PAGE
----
I don't know about that response, my friend said, truthfully.  Does that mean I'm not grown up?

I laughed.  Well, I said, you were more grown up at fifteen than I was at thirty.  So I'd say in your case, no.  I was a late bloomer.  And I think, personality-wise, I tend to be particularly selfish and self-involved.  Having kids has forced me a little out of that.  Or maybe not that much (see hoarding of Kindle Fire).

But maybe I didn't mean to say that kids have "grown me up" at all.  I think what I mean to say is that it gives you a taste of a subject position that you otherwise just don't have, even as a caring Auntie, partner, or friend involved in little people's lives.  This has nothing to do with maturity, after all, but it does allow you another turn of the kaleidoscope.

I think that our primary subject position for much of our lives is as child.  Our experience of and perspective on parenting, largely, is shaped by our own experiences as a child of parents.  We may have experiences of our parents as loving, judgmental, distant, sick, supportive, successful, absent, or any other number of combinations, perceived, real, and otherwise, but when we think about the parent/child dynamic, it is largely our experience as the child that determines how we think about parenting and being parents.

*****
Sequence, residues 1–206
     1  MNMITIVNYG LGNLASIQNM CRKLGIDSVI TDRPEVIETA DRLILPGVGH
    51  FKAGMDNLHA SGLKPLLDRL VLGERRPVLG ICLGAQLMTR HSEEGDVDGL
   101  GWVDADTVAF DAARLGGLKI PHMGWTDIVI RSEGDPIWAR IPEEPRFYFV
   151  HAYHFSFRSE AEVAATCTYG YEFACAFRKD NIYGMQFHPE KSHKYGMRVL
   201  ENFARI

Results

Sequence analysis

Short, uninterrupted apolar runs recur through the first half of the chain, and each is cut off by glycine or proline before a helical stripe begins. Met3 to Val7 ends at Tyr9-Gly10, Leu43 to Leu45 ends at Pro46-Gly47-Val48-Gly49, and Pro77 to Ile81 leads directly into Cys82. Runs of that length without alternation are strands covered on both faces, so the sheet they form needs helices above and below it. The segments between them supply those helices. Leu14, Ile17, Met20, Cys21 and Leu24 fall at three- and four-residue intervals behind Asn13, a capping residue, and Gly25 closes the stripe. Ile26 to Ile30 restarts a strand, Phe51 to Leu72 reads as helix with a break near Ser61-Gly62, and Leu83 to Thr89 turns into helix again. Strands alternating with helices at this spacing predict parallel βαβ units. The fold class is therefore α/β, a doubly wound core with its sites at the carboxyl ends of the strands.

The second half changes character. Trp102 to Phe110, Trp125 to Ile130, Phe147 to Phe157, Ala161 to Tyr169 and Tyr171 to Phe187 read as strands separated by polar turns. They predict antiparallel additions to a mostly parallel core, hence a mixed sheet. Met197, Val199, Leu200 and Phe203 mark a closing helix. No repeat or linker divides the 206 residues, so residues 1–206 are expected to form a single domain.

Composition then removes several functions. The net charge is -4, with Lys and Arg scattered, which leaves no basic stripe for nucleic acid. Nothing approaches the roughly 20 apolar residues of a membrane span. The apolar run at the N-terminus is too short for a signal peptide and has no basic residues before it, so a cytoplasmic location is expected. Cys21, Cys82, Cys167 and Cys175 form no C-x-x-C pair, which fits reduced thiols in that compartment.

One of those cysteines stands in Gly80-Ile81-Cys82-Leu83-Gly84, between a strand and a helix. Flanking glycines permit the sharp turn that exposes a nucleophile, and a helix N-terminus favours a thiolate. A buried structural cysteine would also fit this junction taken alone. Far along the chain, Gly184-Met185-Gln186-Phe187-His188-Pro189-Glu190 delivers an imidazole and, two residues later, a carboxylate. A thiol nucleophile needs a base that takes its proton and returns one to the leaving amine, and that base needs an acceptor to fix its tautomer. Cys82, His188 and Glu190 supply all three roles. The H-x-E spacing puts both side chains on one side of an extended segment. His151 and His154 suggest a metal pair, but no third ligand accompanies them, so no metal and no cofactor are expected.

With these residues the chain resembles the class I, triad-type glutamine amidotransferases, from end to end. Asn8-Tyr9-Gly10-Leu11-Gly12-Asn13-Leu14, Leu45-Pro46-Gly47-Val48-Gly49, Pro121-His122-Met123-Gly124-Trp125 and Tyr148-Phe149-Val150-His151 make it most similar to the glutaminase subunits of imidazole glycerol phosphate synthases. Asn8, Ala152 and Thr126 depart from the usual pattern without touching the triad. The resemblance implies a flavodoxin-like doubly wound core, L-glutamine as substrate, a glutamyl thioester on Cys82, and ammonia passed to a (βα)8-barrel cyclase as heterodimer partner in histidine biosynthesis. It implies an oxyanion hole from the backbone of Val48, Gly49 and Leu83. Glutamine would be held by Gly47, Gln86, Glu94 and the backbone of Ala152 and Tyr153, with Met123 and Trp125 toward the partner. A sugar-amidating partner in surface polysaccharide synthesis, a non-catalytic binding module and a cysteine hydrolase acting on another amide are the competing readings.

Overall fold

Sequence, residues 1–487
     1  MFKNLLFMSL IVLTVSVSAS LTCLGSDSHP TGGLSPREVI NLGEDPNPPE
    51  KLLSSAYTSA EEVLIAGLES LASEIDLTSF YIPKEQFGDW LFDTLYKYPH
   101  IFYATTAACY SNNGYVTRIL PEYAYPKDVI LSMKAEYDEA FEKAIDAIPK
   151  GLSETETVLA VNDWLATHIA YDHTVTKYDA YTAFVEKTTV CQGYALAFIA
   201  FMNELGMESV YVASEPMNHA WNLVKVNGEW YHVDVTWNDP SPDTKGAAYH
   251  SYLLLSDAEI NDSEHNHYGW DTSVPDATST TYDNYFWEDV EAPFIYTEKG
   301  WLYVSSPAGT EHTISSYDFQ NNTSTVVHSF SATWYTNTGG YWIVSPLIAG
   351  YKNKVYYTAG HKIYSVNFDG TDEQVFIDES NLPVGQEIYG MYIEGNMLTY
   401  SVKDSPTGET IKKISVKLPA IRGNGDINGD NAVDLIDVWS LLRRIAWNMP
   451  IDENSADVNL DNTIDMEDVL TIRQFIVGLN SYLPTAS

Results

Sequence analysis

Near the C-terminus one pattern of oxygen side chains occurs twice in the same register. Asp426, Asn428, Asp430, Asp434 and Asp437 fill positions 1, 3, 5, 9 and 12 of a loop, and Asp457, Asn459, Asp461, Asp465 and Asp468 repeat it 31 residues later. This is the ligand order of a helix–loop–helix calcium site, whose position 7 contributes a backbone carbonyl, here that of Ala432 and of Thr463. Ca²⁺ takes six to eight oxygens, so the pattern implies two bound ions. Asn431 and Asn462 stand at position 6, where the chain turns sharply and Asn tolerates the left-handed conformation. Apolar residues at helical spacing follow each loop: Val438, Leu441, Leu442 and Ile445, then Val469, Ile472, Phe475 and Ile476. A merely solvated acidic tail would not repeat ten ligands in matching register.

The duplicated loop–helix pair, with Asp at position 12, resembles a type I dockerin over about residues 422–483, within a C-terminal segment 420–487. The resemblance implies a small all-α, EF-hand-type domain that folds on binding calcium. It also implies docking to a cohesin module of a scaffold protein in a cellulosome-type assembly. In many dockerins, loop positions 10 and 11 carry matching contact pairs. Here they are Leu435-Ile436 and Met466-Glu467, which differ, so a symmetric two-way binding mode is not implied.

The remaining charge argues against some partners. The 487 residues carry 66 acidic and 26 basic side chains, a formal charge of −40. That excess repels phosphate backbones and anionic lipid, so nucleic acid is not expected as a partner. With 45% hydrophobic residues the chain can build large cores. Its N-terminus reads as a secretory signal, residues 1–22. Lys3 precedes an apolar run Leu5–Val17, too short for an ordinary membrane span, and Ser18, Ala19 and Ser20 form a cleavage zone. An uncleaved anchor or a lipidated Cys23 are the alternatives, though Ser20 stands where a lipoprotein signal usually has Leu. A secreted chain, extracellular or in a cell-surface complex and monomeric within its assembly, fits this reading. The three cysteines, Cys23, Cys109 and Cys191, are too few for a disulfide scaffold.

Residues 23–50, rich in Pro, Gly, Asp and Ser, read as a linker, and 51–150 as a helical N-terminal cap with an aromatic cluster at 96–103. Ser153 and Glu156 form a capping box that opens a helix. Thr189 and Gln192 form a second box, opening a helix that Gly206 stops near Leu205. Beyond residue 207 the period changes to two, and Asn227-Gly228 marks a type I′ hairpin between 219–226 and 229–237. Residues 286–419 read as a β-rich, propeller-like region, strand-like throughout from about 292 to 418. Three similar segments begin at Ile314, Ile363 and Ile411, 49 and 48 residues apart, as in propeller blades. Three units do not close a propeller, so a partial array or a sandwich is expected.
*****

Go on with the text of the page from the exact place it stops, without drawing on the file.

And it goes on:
I don't mean to say the child subject position is immature or undeveloped.  I don't mean "child" as in "little one," but rather as offspring in relationship to "parent."  This also doesn't mean our views on parenting or parents don't have consequence--they have tremendous consequence.  Some of you remind me that I must see my children as people in their own right and not simply as "mine," for one thing, and for that I am seriously grateful, and always think hard about our conversations after.  I wouldn't trade that for anything.


Perhaps I'm simply deepening the defensiveness and angst that exists between those who have kids and those who don't by writing this.  I know it is hard for those who have chosen to be kid-free to always have to say, "I know I'm not a parent, but..." and to be heard in a non-defensive way.  I know terms like "childless" or even referring to you as "without kids" lacks sensitivity and emphasizes what one doesn't have instead of what one does.  Parents can also be smug in their child-ful-ness, and self-obsessed, and martyr-like.  I also know, as a parent, that sometimes advice from the kid-free lacks sensitivity and understanding as well.  It can be full of smug judgment, too.  I may also resent your ability to drop a bomb about how I'm raising my kids and then go back to your clean, quiet, house and watch t.v. all night, uninterrupted, and without smeared peanut butter on your jammy pants (unless you put it there).  We all make our choices.  The opportunities for resentment, misunderstanding, and conflict abound.  And still so much goes unsaid.